Liquidation of assets by families in order to meet deadlines but this comes via a process. BRAC, the largest NGO in the world and operating Grameen style MFIs in Bangladesh adheres to the following policy. Firstly, the kin of the indebted person is approached, if this fails, field staff work through Village Organisation (VO) leaders (invariably men). Field staff threatens complete withdrawal of credit if one borrower defaults on the loan repayment. Social pressure or what can commonly be coined as bullying is then employed by the VOs. Often this is just the tool needed to ensure swift repayment but if this fails the VOs are directed to reclaim livestock, cooking utensils, ancillary housing equipment and homes. What is crucial to note is that “staff pressure” is key in triggering “peer pressure” and so the resulting destitution of households caught in the microdebt stems from BRAC policy. In depth studies show that although microcredit has aided numerous families in Bangladesh, a certain section of borrowers under particular circumstances such as delayed investment returns, loss at the initial stages of business development are often unable to repay the debt. The result is being caught in an endless cycle of debt. Even when successful, Microfinance enterprises displace existing businesses and scramble the pre-existing fixed level of demand.
Is microfinance a successful route out of poverty for those in the third world? Microfinance enterprises are essentially a gamble, and in the time of global capitalism any business venture is like rolling a dice, however in a globalised world where the playing field is often uneven, it is the first world that inevitably benefits. One of the most attractive themes of MFI is its claim to empower women; owning your own business, to the neoliberal development theoreticians, equals breaking the bonds of patriarchy. The interactions of Professor Lamia Karim with a Bengali widow illustrate how MFI enforces patriarchy rather than dismantling it.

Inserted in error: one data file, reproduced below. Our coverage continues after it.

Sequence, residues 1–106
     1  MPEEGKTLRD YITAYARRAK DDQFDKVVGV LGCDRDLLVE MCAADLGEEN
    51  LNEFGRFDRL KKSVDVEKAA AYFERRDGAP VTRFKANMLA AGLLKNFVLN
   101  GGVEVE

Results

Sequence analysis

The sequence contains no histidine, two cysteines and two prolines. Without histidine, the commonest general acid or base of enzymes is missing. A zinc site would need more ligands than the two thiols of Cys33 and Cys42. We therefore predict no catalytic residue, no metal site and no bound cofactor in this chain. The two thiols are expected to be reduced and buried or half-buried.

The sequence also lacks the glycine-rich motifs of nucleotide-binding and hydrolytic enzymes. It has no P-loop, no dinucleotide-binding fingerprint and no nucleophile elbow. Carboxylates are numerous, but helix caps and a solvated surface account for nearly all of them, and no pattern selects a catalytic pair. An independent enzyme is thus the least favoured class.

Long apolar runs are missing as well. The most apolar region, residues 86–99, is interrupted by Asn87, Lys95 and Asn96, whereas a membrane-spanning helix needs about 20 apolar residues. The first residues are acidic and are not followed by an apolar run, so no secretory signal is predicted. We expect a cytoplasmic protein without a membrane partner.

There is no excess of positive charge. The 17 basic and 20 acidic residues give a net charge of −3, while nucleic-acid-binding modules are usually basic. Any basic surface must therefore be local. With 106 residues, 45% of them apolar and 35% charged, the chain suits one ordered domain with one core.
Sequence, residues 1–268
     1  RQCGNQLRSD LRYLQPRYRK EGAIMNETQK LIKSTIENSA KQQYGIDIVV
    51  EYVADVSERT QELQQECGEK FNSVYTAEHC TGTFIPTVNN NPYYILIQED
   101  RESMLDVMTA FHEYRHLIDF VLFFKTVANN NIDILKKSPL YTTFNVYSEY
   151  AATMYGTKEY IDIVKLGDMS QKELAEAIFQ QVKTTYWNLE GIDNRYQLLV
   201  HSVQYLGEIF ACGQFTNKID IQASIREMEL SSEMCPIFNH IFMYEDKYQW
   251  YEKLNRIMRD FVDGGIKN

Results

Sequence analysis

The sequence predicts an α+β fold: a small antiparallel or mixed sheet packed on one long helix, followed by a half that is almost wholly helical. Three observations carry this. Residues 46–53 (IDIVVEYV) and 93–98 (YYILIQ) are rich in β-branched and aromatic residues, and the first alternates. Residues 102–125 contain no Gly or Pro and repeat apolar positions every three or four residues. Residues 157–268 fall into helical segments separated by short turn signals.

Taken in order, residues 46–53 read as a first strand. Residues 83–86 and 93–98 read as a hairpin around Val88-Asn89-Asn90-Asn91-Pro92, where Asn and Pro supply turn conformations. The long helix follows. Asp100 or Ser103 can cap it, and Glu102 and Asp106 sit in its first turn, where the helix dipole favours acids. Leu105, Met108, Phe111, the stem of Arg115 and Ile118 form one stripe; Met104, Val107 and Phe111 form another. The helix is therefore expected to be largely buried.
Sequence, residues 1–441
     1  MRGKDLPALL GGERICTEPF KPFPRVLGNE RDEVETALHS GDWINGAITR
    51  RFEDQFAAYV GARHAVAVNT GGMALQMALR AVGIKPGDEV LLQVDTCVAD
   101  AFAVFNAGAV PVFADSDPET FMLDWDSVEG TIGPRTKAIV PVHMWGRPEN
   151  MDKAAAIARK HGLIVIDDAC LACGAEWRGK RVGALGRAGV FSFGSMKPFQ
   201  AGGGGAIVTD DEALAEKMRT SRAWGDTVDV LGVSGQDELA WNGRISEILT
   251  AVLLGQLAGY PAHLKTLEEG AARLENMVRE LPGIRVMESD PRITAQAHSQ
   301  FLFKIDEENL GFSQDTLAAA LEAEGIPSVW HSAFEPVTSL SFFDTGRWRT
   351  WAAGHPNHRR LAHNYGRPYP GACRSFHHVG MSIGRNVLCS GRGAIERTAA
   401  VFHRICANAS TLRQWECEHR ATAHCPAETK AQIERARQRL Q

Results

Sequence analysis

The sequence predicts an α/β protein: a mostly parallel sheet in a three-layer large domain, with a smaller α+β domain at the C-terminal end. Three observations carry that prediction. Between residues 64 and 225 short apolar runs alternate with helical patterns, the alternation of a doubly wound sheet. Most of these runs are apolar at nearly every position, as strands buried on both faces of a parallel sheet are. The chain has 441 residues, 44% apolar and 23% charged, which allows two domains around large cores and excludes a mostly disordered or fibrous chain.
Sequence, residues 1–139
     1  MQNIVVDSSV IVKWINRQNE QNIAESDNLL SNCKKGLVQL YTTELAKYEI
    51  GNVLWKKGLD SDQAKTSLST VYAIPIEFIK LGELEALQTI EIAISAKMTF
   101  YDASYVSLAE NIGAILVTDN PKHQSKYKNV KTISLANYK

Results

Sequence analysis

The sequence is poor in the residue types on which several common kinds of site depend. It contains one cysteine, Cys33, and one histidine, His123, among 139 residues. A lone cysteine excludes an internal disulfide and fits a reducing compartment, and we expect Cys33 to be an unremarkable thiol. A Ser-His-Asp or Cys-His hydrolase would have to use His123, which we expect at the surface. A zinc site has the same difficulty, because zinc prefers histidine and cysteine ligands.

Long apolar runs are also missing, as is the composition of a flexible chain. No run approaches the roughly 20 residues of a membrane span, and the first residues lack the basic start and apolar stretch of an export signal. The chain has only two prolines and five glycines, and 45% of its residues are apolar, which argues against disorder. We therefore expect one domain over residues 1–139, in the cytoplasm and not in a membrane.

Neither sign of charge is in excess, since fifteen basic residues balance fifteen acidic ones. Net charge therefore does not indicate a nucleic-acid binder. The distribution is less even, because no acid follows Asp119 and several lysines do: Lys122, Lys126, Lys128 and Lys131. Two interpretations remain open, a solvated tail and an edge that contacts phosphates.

“An elderly widow told me that on the day she was returning home from the Grameen Bank with her loan, her nephew demanded that she hand it over to him. She added that he said “Aunt, I know that you received a loan from Grameen Bank today. I have need of money for my business, and as my aunt, it is your duty to give it to me”. She explained that as a widow and as an aunt it was her familial obligation to help her nephew. If she disagrees, the family would pressure her to relent”
It is problematic to laud the claim that microcredits economic empowerment facilitates the erosion of structural patriarchy as the program fails systematically to take into account cultural contexts and societal trends. Rural Bangladesh has an extremely complex social makeup in which anthropologists and sociologists have written a plethoric number of books and journals on, none of which come with a singular route to empowering women. MFI’s serve to uphold the neoliberal agenda which dominates development discourse. Fresh ideas and concepts need to be brought to the table if there is to be any real progress in eradicating poverty.